As the Covid-19 pandemic took hold globally and threatening to hit our country also, the Government declared the outbreak a state of national disaster exactly 10 days ago.
In terms of the law, such a declaration enables the Government to allocate more resources, even beyond the budget, to tackle an emergency. Also, it opens up avenues for the international community to move in to assist.
President Mnangagwa made that declaration well before any Covid-19 case had been confirmed locally, showing the Government’s commitment to be prepared.
He, too, announced the closure of schools and institutions of higher learning, ordered the closure of bars and recreational facilities and banning gatherings of 50 people or more. He has urged citizens to uphold high hygienic standards and adhere to social distancing. He has ordered the closure of borders to human traffic although they remain open for cargo.
The Government has put in place all these measures and more in an effort to get its systems ready, just in case more cases than the three we had by yesterday afternoon, are confirmed. We are delighted that citizens are, by and large, embracing the measures with the private sector also playing a very essential role, a role which we hope and pray would be maintained.
Indeed, the private sector is getting involved in a number of ways. We have seen companies running advertisements giving people tips on how they can prevent infection with coronavirus, the pathogen that causes Covid-19. Some are distributing essentials such as gloves, hand sanitisers and surgical masks while others are making sure that their clients — who are the general public — sanitise their hands as they walk into their premises for business. Many companies are complying with the Government’s social distancing call by making some of their employees work from home so as to reduce numbers at the normal workplace.
On Monday, a Bulawayo detergents manufacturer, Tierra Chemicals, announced it had joined the fight against the spread of the disease by scaling up production of alcohol-based hand sanitisers.
Green Fuel, a much larger company whose business is sugarcane growing and ethanol production, has just started producing hand sanitisers. We have known most hand sanitisers to be alcohol-based, but Green Fuel’s would be ethanol-based. Furthermore, the company has pledged to donate some of the product to the Government for onward distribution to health service centres nationwide.
Yesterday our Harare Bureau reported that Sakunda Holdings and the Trauma Centre had stepped in too. Facilities at St Anne’s Hospital and Arundel Hospital in Harare and Ekusileni Medical Centre in Bulawayo are earmarked for use in the event that public health facilities fall short. In Victoria Falls, residents have already resolved to pool resources to set up an isolation centre.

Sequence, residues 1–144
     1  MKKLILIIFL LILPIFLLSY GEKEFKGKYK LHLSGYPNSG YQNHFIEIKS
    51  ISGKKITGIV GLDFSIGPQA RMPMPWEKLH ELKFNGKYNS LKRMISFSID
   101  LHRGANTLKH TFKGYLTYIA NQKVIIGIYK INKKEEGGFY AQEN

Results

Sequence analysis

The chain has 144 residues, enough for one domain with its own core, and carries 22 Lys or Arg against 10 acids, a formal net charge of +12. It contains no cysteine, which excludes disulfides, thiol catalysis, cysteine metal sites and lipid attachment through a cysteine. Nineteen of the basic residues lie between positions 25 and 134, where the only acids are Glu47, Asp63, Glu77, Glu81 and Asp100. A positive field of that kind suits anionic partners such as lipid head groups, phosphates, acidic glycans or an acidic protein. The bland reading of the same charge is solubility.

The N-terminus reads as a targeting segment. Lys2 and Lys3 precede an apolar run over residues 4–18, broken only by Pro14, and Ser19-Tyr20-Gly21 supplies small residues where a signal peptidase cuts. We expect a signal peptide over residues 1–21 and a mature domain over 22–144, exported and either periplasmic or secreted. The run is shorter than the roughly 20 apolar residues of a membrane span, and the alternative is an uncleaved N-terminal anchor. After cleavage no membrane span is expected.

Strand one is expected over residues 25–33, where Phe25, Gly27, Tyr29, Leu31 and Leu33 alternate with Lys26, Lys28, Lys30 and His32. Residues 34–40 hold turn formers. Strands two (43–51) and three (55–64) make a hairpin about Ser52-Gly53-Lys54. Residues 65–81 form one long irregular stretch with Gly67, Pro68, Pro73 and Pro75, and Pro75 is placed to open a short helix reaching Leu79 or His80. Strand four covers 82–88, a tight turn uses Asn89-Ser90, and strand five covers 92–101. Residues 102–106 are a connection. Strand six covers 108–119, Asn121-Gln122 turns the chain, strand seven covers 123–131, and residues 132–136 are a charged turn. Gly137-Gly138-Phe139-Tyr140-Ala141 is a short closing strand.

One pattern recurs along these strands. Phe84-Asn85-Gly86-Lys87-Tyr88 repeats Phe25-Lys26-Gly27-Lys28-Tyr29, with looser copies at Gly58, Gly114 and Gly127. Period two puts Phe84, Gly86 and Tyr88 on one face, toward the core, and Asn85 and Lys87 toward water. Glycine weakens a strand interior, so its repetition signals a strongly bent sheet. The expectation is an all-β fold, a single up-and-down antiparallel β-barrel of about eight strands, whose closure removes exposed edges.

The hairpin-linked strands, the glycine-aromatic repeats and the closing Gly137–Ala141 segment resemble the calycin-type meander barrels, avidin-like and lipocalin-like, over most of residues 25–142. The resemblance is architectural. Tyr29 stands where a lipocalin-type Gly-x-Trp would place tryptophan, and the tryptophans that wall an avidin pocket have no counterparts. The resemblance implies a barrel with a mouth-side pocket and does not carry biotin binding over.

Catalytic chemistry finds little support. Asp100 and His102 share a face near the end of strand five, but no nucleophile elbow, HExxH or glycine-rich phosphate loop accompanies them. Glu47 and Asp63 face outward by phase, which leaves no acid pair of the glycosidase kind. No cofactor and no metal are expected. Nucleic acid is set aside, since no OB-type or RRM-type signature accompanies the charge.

“Private companies are coming in a big way,” Health and Child Care Minister Dr Obadiah Moyo told ZTN on Wednesday.
“A lot of private companies want to be part of the team. We are going to roll out the plan in very province. Our infrastructure committee will look at it.”
That the private sector is getting involved in providing information and education material, consumables and infrastructure like hospitals deserves much praise, particularly given the economic challenges they and the rest of the country, are already facing.
Elsewhere, across the globe private companies are supporting their governments to fight Covid-19. Just a few days ago, the British government hailed the striking of a major deal with private health care providers by making available 20 000 more staff, 8 000 hospital beds as well as at least 1 200 ventilators. In the US on Monday, Fiat began converting one of its car plants in China to start making about one million masks a month. American car makers General Motors, Ford and Tesla have all pledged their support to offer resources to make more ventilators, along with Japanese carmaker Nissan and Formula 1 teams in the UK.
Many more companies could be contributing in other countries that are fighting against the infection. That is great.
Green Fuel, Econet, Sakunda Holdings, the Trauma Centre, Tierra Chemicals and others are playing a commendable role as responsible corporate citizens. In our view, this important role goes beyond their conventional corporate social responsibility activities for we are talking here about an enormous public health threat which we can only curb if every citizen — human or corporate, the Government and development partners, play their part.
But the curbing we want, and are praying for, is one that will result in that cooperation effectively forestalling an outbreak of Covid-19 beyond the cases we have so far in the country.